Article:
• Management of severe open tibial fractures: the need for combined orthopaedic and plastic surgical treatment in specialist centres.

    12 December 2017

    Although it is widely accepted that grade IIIB open tibial fractures require combined specialised orthopaedic and plastic surgery, the majority of patients in the UK initially present to local hospitals without access to specialised trauma facilities. The aim of this study was to compare the outcome of patients presenting directly to a specialist centre (primary group) with that of patients initially managed at local centres (tertiary group). We reviewed 73 consecutive grade IIIB open tibial shaft fractures with a mean follow-up of 14 months (8 to 48). There were 26 fractures in the primary and 47 in the tertiary group. The initial skeletal fixation required revision in 22 (47%) of the tertiary patients. Although there was no statistically-significant relationship between flap timing and flap failure, all the failures (6 of 63; 9.5%) occurred in the tertiary group. The overall mean time to union of 28 weeks was not influenced by the type of skeletal fixation. Deep infection occurred in 8.5% of patients, but there were no persistently infected fractures. The infection rate was not increased in those patients debrided more than six hours after injury. The limb salvage rate was 93%. The mean limb functional score was 74% of that of the normal limb. At review, 67% of patients had returned to employment, with a further 10% considering a return after rehabilitation. The times to union, infection rates and Enneking limb reconstruction scores were not statistically different between the primary and tertiary groups. The increased complications and revision surgery encountered in the tertiary group suggest that severe open tibial fractures should be referred directly to specialist centres for simultaneous combined management by orthopaedic and plastic surgeons.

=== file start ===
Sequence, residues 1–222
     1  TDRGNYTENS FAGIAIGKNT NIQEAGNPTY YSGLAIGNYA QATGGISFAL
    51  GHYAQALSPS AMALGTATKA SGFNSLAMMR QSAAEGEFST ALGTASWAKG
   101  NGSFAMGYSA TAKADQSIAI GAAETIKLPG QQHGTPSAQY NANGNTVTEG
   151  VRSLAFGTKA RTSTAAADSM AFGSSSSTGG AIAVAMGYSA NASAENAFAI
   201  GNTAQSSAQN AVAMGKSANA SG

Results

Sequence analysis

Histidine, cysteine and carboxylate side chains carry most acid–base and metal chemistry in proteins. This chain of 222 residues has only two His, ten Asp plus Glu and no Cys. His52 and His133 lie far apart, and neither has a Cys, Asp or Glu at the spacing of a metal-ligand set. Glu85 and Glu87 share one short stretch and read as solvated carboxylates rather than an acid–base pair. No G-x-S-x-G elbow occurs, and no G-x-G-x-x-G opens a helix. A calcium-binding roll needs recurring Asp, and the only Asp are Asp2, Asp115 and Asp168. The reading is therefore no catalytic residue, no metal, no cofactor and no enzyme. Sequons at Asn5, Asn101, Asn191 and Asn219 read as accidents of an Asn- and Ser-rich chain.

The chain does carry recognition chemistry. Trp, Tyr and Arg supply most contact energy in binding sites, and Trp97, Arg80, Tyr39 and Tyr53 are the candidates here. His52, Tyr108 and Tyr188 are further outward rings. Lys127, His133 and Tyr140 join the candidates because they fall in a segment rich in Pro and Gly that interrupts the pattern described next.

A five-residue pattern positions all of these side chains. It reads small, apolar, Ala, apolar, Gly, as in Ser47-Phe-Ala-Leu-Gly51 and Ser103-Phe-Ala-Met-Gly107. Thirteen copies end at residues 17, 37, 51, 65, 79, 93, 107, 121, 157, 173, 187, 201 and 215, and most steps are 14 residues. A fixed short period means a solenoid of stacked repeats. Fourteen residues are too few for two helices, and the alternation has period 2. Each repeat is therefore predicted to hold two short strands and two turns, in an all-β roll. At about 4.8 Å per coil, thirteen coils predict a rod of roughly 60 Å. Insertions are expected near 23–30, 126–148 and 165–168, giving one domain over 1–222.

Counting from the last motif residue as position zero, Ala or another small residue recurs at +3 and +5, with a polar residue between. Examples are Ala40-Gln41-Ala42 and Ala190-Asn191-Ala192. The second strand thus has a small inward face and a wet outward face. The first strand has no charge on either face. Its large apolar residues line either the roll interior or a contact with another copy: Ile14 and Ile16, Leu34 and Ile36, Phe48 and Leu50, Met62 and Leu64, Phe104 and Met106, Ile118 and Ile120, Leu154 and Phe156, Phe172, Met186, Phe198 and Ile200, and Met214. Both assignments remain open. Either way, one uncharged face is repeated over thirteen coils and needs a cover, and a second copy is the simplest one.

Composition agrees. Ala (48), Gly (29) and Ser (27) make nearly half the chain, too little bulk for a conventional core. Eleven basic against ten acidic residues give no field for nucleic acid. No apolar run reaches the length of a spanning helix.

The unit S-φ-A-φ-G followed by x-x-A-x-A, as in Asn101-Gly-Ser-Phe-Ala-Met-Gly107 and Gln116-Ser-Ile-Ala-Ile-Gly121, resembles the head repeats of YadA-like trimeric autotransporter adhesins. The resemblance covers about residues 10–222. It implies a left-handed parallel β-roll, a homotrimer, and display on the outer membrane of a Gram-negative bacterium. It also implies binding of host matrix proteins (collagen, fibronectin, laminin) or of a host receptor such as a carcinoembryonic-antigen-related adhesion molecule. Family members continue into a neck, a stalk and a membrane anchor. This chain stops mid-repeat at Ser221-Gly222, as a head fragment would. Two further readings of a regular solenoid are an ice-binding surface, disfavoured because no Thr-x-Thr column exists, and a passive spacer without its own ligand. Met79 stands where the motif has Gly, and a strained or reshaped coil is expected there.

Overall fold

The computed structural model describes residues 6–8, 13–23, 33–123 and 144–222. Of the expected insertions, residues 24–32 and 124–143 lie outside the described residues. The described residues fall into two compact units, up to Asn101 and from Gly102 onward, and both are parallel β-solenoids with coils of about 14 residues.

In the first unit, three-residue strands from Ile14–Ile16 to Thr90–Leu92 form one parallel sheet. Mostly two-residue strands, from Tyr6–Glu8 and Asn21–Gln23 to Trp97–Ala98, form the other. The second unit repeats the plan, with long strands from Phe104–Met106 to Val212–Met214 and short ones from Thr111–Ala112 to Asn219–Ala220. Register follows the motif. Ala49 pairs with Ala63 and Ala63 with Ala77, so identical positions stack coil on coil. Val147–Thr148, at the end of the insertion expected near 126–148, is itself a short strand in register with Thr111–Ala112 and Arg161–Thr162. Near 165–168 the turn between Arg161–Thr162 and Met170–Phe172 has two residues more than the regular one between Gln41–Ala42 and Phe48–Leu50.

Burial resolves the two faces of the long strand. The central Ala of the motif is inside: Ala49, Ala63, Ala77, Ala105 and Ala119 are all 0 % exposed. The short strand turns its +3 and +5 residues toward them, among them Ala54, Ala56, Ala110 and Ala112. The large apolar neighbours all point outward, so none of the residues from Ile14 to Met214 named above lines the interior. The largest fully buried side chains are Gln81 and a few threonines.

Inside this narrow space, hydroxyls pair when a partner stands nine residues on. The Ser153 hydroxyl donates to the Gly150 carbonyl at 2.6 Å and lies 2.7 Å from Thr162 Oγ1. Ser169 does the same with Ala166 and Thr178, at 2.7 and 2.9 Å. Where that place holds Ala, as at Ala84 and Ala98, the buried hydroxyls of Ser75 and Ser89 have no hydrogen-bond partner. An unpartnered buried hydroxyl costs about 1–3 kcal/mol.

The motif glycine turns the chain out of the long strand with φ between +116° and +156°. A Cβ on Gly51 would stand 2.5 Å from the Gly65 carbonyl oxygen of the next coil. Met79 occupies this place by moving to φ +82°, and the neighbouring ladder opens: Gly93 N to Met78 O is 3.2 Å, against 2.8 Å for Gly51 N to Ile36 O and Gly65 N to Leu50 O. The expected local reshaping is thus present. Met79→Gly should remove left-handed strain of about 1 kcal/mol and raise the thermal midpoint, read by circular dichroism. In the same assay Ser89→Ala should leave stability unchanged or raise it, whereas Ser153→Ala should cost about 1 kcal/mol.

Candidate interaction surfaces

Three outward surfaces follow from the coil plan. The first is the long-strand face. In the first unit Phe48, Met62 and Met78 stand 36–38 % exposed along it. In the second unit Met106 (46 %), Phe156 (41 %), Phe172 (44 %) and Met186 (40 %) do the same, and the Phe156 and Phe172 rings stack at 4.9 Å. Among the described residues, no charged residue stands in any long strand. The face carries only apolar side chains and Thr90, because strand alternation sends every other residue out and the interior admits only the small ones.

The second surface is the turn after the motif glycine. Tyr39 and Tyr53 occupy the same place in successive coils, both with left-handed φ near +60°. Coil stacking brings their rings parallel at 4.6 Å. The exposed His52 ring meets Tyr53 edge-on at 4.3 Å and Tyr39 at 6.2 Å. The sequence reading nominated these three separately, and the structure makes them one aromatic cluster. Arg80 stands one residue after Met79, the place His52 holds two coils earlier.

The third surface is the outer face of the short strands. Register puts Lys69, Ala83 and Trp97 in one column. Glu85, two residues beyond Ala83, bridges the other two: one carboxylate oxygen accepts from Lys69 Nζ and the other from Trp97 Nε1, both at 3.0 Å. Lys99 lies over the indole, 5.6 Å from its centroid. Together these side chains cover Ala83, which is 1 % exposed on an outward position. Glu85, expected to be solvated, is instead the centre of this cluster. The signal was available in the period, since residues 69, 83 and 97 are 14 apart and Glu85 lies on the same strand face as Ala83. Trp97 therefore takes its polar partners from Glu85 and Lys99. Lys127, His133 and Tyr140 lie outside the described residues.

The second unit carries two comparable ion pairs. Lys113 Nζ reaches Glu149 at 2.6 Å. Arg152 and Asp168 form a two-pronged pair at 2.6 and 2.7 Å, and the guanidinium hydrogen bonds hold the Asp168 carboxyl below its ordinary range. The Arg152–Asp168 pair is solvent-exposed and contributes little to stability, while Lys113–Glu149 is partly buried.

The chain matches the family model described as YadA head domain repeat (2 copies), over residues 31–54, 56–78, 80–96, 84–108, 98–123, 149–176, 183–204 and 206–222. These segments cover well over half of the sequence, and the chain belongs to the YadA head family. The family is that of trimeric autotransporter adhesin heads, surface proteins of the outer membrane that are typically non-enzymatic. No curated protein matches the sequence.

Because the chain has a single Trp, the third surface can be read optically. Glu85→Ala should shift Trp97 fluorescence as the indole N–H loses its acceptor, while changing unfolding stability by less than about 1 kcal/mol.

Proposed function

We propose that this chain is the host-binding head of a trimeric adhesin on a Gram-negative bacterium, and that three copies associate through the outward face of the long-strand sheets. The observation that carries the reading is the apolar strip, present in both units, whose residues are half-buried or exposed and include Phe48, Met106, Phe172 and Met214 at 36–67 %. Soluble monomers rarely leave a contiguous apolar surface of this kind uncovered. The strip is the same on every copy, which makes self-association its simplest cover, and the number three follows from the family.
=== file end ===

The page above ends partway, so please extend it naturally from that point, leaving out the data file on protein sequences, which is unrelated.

• Management of severe open ankle injuries.

    12 December 2017

    BACKGROUND: Functional outcome after reconstruction of open ankle injuries has not been well presented in the literature. The authors present the functional results of 24 patients who sustained complex ankle injuries. METHODS: Patients were assessed using three scoring systems (a modified A/O score, the Enneking score, and the AOFAS) and subdivided into two groups: those primarily treated at Charing Cross Hospital according to strict protocols combining orthopedic and plastic surgical techniques (group P) and those secondarily treated who were transferred to Charing Cross Hospital after initial management at a remote unit (group S). RESULTS: There were nine patients (37.5 percent) in group P and 15 (62.5 percent) in group S. Eighteen patients (75 percent) underwent free-tissue transfer. Sixteen patients (67 percent) were assessed (group P, n = 7; group S, n = 9) for return of function using the Enneking score. Mean time to assessment was 10.5 months for group P and 11.4 months for group S. Mean Enneking percentage score was 75 for group P and 72.2 for group S. There were no significant differences (p > 0.05) between these scores. The mean time to union was 19 weeks (n = 5) for group P and 24 weeks (n = 7) for group S. The mean AOFAS Ankle-Hindfoot Scores were comparable to the Enneking scores when independent observers undertook this assessment. Most patients in both groups reported difficulty with descent of stairs. CONCLUSIONS: Although the authors were able to achieve a similar return of function for both groups, group S patients needed at least one more operation. In cases of ankle fracture where there is significant soft-tissue injury (either closed or open), representing a complex injury, the authors recommend making no attempt to internally fix the fracture and instead referring the patient to a specialist center for combined orthoplastic attention. If this is not immediately at hand, screw fixation of the medial malleolus should be undertaken after open reduction. The lateral malleolus should not be internally fixed, but should it require control, external fixation is the preferred method of skeletal stabilization.